Each coach works with an average of 110 students at a time. Most at the senior level receive annual salaries of between $50,000 and $60,000. Many have master’s degrees, and most come from an academic advising or student success background.

CBE programs at the Extension branch have graduated more than 400 students, and the retention rate currently sits at 80 percent.

Brower emphasizes the “student-centered” nature of the model, which emphasizes projects over traditional assignments and exams. Learners set a monthly plan for the competencies they hope to accomplish; success coaches assist throughout with timing and progress reports.

“It’s not just, you throw a bunch of materials at students and they just do what they can,” Brower said. “It’s very structured so that students have to demonstrate progress and they are urged on both through the feedback that the faculty provide and through the faculty oversight of the academic success coach that works with the students as well.”

The model is designed to become more sophisticated over time. Coaches draw on prior experience with students to anticipate at which points learners might encounter issues or need more help, according to Laura Pedrick, special assistant to the University of Wisconsin at Milwaukee’s provost for strategic initiatives and executive director of the University of Wisconsin Milwaukee Online.

The workload for faulty members turned out to be higher than administrators anticipated at the outset, according to Pedrick. The institution now offers stipends to instructors teaching more than a certain number of students at a time, among other fixes.

Like Collins, Brower sees the faculty-TA relationship as a potent analogy for what this seemingly innovative model is founded upon.

"If you want to think about the history of higher education, there didn’t used to be anyone other than faculty, who did all the work that has been allocated to student affairs staff: living in residence halls; doing admissions, registrar and other student academic affairs work; all advising and career counseling, etc.," Brower said. "In that sense, faculty roles have evolved and been 'unbundling' for at least a century."

Figuring Things Out

While Wisconsin has seen strong returns from its foray into an unbundled model, other institutions have waded in more cautiously. North Carolina’s Legislature a few years ago urged the University of North Carolina system toward offering CBE programs, but many faculty members within the system continue to harbor reservations about teaching differently, according to Michelle Soler, the system’s director of competency-based education and assessment.

A “small pilot” of a competency-based R.N.-to-B.S.N. program is underway at Winston-Salem State University, according to Soler. As at WGU, this program’s courses are led by one faculty member handling content and another faculty member handling assessment. The switch allows faculty members to vary their workloads semester by semester.

"Faculty in a CBE program should be able to move between assessment and teaching, because the assessments are constructed for a student to demonstrate mastery of a competency ahead of the content being taught, not to test on the content being taught," Soler said.

Administrators at Winston-Salem State recently decided to focus growth of the R.N.-to-B.S.N. program on overall enrollments, rather than specifically targeting CBE. The institution also applies the "unbundled faculty" approach to its competency-based master's in health-care administration.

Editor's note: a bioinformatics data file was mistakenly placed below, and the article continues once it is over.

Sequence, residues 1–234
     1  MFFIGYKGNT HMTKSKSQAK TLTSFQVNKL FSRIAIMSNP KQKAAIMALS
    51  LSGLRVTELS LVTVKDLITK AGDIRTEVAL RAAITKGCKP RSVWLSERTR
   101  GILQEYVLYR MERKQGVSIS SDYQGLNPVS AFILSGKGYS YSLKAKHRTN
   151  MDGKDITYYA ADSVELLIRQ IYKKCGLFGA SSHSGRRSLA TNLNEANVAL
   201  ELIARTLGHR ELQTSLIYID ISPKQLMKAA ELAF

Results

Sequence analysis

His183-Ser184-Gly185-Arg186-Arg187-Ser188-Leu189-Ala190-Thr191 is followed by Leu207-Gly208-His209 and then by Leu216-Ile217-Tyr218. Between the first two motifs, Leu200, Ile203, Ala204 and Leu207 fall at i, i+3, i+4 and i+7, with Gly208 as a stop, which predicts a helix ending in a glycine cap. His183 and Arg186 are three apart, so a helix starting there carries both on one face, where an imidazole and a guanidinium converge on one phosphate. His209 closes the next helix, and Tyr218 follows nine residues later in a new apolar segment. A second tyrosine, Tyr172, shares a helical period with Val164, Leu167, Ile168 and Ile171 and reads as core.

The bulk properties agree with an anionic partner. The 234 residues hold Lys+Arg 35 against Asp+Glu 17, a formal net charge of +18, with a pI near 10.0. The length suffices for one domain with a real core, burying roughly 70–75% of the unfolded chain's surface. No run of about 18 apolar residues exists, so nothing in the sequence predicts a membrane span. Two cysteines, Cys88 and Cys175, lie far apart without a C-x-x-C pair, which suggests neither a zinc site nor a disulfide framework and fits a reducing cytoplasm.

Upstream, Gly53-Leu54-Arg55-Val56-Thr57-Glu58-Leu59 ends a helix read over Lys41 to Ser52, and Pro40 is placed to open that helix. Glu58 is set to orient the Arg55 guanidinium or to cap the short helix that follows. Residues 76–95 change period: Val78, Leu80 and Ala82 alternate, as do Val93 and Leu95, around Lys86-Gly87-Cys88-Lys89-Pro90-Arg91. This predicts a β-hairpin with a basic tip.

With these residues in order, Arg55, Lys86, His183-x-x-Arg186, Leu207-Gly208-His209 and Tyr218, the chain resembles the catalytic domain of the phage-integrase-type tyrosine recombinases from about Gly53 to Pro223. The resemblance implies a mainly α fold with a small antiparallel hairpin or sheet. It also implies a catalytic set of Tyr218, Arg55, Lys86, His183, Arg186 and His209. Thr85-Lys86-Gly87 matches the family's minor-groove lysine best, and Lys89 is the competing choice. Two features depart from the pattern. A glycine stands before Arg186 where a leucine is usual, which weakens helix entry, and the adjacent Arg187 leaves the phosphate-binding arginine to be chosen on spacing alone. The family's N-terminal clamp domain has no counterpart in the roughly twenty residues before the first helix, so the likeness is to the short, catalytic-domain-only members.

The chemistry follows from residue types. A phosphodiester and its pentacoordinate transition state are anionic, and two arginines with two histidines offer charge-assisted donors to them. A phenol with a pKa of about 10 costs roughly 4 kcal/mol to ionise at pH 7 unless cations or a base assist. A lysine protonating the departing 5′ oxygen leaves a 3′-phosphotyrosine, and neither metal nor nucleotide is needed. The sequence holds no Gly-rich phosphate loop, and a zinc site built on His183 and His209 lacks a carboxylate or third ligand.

Revenue from the small existing programs in the system hasn’t been sufficient to hire full-time coaches, according to Soler. As of now, faculty members perform that role.

Other offerings in the system with an "unbundled faculty" approach include a teacher licensure program offered jointly by the University of North Carolina at Chapel Hill and North Carolina State University. Fayetteville State University plans to enroll students in CBE business programs beginning this fall, according to Soler. But progress is slow, she said.

“A lot of schools just aren’t well funded,” Soler said. “They can’t pivot quickly to be innovative.”

That's a challenge currently being tackled in California, where a small group of administrators and consultants in the state's sprawling community college system is tinkering with an unbundled faculty model for a new online community college launching this fall.

Derek Gordon, consulting chief of product, marketing and learning development for the as-yet unnamed college, said he and his colleagues have mainly stuck to describing their model as "instructional team"-based, though occasionally they've slipped up and used the word "faculty" instead.

Though plans aren't yet finalized, Gordon said one plan under discussion would position tenured instructors as subject-matter experts in charge of designing course work, while adjunct instructors serve as teaching assistants in synchronous and asynchronous capacities in the virtual classroom.

"We want to make sure that whatever instructional content we either buy or build enables our adult learners to certify that they have mastered that content and they’re ready to be employed, and that the employers are really confident in that," Gordon said.

Other institutions have embraced an “unbundled” faculty approach to course development, while maintaining a more traditional relationship between students in a course and one instructor.

At Capella University, a team of instructional designers, assessment specialists, curriculum specialists and educational technologists craft courses out of an established set of core competencies for a program, but per course, students interact primarily with one faculty member and some teaching assistants and tutors.

With that model, “we’re able to have one view of that person’s development and the mastery of the material,” said Dick Senese, president of Capella.